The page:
PRESS FREEDOM

Jailing of Benin investigative journalist broke international law, UN body finds

Ignace Sossou spent six months in prison for tweeting about an official speech.

Benin investigative journalist Ignace Sossou was arrested and jailed in violation of international laws, a United Nations body has found.

The U.N. Working Group of Arbitrary Detention, which investigates cases of wrongful detention, released its decision this month following a complaint by Sossou’s lawyers. The working group called on the government of Benin to compensate Sossou, 31.

Sossou was arrested in December 2019 after a government prosecutor, Mario Mètonou, complained that the journalist had posted incorrect and defamatory posts on Twitter and Facebook during a speech given by the official. Recordings of the speech show that Sossou correctly relayed Mètonou’s comments. After a speedy trial, Sossou was sentenced to 18 months in prison. An appeal court reduced the term to six months and imposed a $800 fine – ten times the average monthly salary of a Benin journalist. Sossou was released in June.

Sossou, a reporter with BeninWebTV, has worked with the International Consortium of Investigative Journalists on cross-border investigations, including the Panama Papers and West Africa Leaks. As part of the latter project, Sossou revealed that Jean-Luc Tchifteyan, who runs one of Benin’s largest supermarkets, owned a Panama shell company with a Swiss bank account to receive $150,000 a year in commissions from suppliers. Reporters from ICIJ and across Africa visited Sossou in prison during reporting for the FinCEN Files investigation.

“This decision is a strong message to all those who courageously work in the service of freedom of expression,” three of Sossou’s lawyers, Henri Thulliez, William Bourdon and Elise le Gall, said in a written statement. “Mr. Sossou’s case must set a precedent. No responsible journalist should find himself arbitrarily imprisoned. No public authority should keep a journalist in detention with impunity.”

Thulliez and Bourdon are director and chair, respectively, of the Platform to Protect Whistleblowers in Africa, which provided documents to ICIJ that formed the basis of the Luanda Leaks investigation.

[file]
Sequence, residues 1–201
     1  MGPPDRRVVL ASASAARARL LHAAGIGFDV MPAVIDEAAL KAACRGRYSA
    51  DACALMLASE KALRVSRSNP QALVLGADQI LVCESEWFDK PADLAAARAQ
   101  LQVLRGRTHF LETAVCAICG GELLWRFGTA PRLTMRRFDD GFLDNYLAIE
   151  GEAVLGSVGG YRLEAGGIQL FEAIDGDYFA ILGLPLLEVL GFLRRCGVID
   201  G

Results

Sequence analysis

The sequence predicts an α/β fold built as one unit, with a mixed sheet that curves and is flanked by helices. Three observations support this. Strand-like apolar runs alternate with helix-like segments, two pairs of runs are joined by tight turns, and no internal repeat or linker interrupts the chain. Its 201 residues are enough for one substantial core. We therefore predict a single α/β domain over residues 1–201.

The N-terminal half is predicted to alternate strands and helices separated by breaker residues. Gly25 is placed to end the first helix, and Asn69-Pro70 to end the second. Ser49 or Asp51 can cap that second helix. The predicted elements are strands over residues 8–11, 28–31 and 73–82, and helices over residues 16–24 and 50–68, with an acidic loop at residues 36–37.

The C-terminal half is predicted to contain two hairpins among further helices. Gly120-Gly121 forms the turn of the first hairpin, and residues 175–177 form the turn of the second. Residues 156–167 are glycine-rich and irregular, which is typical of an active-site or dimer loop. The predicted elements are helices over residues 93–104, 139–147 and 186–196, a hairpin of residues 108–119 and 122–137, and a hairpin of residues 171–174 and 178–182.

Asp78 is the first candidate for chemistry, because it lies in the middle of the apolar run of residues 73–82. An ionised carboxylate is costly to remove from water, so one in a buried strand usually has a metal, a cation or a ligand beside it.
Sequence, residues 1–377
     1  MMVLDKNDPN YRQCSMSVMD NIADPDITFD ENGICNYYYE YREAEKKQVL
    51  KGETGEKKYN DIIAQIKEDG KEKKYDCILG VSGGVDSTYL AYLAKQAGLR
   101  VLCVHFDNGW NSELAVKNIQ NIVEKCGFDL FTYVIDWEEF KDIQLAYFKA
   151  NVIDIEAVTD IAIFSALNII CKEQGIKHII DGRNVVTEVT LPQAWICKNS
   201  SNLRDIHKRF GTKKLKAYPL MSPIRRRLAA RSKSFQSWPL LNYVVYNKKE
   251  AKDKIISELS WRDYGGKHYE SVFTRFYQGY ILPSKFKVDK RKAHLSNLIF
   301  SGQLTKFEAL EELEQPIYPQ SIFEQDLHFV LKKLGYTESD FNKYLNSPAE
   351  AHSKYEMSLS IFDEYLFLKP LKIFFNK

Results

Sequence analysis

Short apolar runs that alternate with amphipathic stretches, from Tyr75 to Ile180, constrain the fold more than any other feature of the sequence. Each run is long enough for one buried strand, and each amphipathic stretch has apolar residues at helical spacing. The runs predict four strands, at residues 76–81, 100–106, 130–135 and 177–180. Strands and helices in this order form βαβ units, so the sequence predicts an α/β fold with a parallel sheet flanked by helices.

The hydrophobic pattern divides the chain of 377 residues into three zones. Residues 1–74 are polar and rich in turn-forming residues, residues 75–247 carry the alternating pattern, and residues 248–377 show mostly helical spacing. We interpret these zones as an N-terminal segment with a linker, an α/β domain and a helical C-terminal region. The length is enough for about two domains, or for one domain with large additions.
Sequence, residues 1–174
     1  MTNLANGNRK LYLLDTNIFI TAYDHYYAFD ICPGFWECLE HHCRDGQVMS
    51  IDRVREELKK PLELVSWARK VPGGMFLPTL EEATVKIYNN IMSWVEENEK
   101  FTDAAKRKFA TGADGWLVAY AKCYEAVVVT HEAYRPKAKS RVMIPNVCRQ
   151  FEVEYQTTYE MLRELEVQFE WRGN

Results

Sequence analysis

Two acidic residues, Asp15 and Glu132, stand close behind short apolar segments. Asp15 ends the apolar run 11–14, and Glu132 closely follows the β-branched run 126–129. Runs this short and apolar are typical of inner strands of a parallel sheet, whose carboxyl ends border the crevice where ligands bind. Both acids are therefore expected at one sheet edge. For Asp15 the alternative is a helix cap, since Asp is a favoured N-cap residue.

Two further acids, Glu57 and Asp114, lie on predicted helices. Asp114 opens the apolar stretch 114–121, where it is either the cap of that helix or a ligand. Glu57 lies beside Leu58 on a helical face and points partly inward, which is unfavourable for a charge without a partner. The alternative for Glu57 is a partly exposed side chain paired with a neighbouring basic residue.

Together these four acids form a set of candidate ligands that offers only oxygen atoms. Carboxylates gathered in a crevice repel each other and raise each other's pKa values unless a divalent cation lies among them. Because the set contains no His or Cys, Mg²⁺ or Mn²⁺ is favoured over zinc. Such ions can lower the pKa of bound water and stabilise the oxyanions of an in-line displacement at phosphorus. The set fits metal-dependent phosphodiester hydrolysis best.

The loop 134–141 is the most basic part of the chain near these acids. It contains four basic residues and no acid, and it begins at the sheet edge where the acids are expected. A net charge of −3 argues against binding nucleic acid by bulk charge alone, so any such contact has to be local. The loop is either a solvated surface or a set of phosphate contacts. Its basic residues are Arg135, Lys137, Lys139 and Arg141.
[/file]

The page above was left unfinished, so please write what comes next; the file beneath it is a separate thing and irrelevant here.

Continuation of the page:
In its decision, which is not legally binding, the U.N. working group criticized the government of Benin, police and judges for a litany of violations of international human rights agreements. The government of Benin did not reply to the working group’s requests for comments.

“It seems difficult to justify how such detention could be proportionate and necessary, especially since Mr Sossou was simply exercising his profession as a journalist,” the working group said in its decision.

Police never presented Sossou with an arrest warrant, denied him prompt access to a lawyer, and did not give his lawyer enough time to prepare the case, the group said. His trial ended four days after his arrest and the first judgment was harsher than that requested by the prosecution.

“The criminal procedure in this case seems to have been conducted with excessive haste,” the working group said. With doubts about the independence of Benin’s judiciary, the working group said it would refer the case to a U.N. specialist who investigates judges and lawyers.

The government of Benin did not reply to ICIJ’s request for comment. Mètonou, the prosecutor, previously told ICIJ that he did not wish to comment. Sossou was convicted under Benin’s digital media law, which the working group criticized as “lacking clarity” and able to “be used to punish the free exercise of human rights.”

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